Prunetec - Invitro study of Psa survival in PruneTec (Wound protectant)
The purpose of this trial was to carry out an invitro study of Psa survival in wound protectant (PruneTec).
Wound protectants are used to protect wounds following pruning and grafting. Kiwifruit vines are pruned to remove excess wood in summer and to structure the vine in winter. Pruning wound dressings generally contain a bactericide that aimed at providing protection from bacterial infections. This report presents the evaluation of PruneTec 20001948 wound protectant tested against Psa-V to determine efficacy under laboratory conditions.
Click here to view the full report
Impact of covered structures on the progression of Psa-V, Phase Two
Trials were set up in the kiwifruit growing season of 2012–13 on three orchards to test whether plastic, breathable covers erected over existing kiwifruit vines could reduce the incidence, progression and severity of Pseudomonas syringae pv actinidiae (Psa-V) infections. These structures had been erected in an attempt to slow the progression of Psa-V. Vines were already infected with Psa-V, with varying levels of symptoms expressed. Across the three sites the varieties Actinidia chinensis ‘Zesy002’ (Gold3), A. chinensis ‘Zesy003’ (Gold9), A. deliciosa ‘Zesh004’ (Green14) and A. chinensis ‘Hort16A’ were assessed, along with Gold3 scions that had been notch grafted onto existing rootstocks. Grafted seedlings were planted out at each site and used as trap plants that would indicate infection from Psa.
Click here to view the full report
The KVH AGM is scheduled for 26 November 2014 starting at 2pm in Classic Flyers, Jean Batten Drive, Mount Maunganui. AGM papers and proposed resolutions have been sent to KVH members and are now available on the KVH website here.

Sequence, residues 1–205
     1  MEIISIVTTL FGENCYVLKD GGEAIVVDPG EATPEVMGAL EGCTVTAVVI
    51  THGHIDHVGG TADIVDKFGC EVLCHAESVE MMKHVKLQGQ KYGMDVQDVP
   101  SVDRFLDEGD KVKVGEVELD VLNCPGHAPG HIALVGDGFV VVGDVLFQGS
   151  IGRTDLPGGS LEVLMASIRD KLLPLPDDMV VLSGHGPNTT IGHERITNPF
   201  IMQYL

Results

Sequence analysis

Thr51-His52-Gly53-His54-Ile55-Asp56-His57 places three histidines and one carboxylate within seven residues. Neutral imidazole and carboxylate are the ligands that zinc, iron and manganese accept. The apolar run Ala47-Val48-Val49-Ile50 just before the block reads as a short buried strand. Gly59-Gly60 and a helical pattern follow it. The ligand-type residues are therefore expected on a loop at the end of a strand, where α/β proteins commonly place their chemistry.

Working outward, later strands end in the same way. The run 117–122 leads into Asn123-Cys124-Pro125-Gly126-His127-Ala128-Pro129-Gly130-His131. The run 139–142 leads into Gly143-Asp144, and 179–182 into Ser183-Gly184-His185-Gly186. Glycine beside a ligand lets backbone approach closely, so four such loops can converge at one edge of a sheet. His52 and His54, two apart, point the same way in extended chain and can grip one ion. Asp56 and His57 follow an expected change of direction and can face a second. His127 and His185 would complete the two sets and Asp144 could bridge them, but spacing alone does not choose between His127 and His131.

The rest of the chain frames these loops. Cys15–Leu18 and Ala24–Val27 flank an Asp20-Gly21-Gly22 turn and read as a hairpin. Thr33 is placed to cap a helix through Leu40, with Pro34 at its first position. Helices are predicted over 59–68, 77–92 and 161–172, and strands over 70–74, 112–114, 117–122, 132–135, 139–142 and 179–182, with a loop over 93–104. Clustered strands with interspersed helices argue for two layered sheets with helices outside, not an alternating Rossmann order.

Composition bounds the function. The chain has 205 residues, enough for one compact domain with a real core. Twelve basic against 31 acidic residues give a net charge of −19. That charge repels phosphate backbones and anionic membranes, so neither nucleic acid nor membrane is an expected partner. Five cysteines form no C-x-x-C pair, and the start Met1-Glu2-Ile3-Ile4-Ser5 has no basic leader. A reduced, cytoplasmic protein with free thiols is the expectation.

In addition to the AGM matters, Zespri’s Dave Tanner, GM Science & Innovation, will give an overview on the Psa-V research programme, what it has achieved and its future direction. This will be the last opportunity for Dave to present on the Psa-V R&D programme, as he leaves employment with Zespri at the end of the year.
All growers and industry participants are encouraged to attend.
Please RSVP to email@example.com
KVH has revised its best practice guidelines for orchard hygiene. The main changes include a more practical approach to orchard hygiene in Recovery regions where infection is widespread.
More focus is placed on removing any visible signs of plant material rather than sanitisation of footwear and hands between orchards in Recovery regions. The revised best practice guidelines also recognise the lower risk of vehicle movements onto orchards, such as quad bikes and fertiliser spreaders, and doesn’t require cleaning and sanitisation between orchards in Recovery regions.
However, the risk of transferring disease through movement of infected plant material remains. Therefore growers who require additional measures to reduce the risk, including sanitisation of footwear and hands, are encouraged to do so.
If you have any feedback about the changes, please email firstname.lastname@example.org.